Scholarships, awarded for exceptional talent, worth up to 30 per cent fee remission. Transformational bursaries (up to 110 per cent) are means-tested. School works closely with Royal National Children’s SpringBoard Foundation charity, recently hosting their national conference.

The last word

You can tell a lot about a school from its match tea. What’s the spécialité de la maison here? ‘It’s coffee and a bacon sarnie,’ says one parent, ‘nothing fancy, but totally delicious and exactly what everyone’s after.’ That’s Caterham in a nutshell: a school which doesn’t rely on snazzy snacks to impress because its strengths speak for themselves. Dynamic teachers, inspiring leadership, happy teenagers and a whole valley to run around (or fly drones) in; throw in the odd bacon bap and you’ve got exactly what modern parents, and children, are looking for. Spot on.

Please note: Independent schools frequently offer IGCSEs or other qualifications alongside or as an alternative to GCSE. The DfE does not record performance data for these exams so independent school GCSE data is frequently misleading; parents should check the results with the schools.

Who came from where

Who goes where

Special Education Needs

Caterham School is a high achieving, academic school from which most pupils go on to the universities of their first choice. Pupils with mild Specific Learning Difficulties are catered for individually by qualified specialist staff. The SEN provision we provide depends on a pupil’s Specific Learning Difficulty having been formally diagnosed; it ranges from 1:1 support to group support within the classroom. All subject staff are kept informed and up to date with effective learning and teaching strategies and are skilled at coping with pupils with Specific Learning Difficulties. Nov 09.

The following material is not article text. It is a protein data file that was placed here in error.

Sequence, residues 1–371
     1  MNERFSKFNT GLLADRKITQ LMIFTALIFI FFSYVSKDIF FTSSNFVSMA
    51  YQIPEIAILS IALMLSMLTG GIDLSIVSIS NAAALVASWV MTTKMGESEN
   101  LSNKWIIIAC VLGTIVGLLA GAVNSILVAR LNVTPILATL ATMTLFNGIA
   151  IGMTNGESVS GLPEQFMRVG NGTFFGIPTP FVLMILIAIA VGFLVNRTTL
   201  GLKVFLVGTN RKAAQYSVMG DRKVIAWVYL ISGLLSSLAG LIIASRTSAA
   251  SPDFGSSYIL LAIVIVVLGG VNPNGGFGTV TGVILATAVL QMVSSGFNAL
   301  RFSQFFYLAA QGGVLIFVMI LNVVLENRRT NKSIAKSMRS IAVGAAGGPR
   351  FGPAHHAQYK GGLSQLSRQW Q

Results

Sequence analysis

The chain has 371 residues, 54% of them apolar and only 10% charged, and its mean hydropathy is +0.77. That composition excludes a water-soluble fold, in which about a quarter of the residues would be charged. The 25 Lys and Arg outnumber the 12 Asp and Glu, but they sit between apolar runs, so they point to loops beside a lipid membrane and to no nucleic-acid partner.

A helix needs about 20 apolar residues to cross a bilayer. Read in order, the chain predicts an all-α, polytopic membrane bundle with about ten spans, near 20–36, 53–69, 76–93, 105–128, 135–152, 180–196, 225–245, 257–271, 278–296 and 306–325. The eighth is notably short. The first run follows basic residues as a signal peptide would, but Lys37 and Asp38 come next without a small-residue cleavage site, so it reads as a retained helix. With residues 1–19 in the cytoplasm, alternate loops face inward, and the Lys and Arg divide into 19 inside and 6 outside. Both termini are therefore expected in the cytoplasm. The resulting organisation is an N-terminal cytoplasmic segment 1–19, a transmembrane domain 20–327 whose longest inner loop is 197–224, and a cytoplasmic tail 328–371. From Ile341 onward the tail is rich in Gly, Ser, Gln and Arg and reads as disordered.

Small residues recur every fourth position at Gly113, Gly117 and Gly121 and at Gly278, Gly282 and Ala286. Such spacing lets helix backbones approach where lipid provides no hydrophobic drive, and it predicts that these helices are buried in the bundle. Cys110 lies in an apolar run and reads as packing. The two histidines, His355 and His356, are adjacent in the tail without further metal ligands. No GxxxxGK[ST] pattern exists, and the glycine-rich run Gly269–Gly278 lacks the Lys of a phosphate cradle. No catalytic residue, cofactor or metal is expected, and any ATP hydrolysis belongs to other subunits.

Condition Provision for in school
ASD - Autistic Spectrum Disorder Y
Aspergers Y
Attention Deficit Hyperactivity Disorders Y
CReSTeD registered for Dyslexia
English as an additional language (EAL)
Has an entry in the Autism Services Directory
Has SEN unit or class Y
HI - Hearing Impairment
Hospital School
Mental health
MLD - Moderate Learning Difficulty
MSI - Multi-Sensory Impairment
Natspec Specialist Colleges
OTH - Other Difficulty/Disability
Other SpLD - Specific Learning Difficulty
PD - Physical Disability
PMLD - Profound and Multiple Learning Difficulty
SEMH - Social, Emotional and Mental Health
SLCN - Speech, Language and Communication
SLD - Severe Learning Difficulty
Special facilities for Visually Impaired
SpLD - Specific Learning Difficulty
VI - Visual Impairment

Who came from where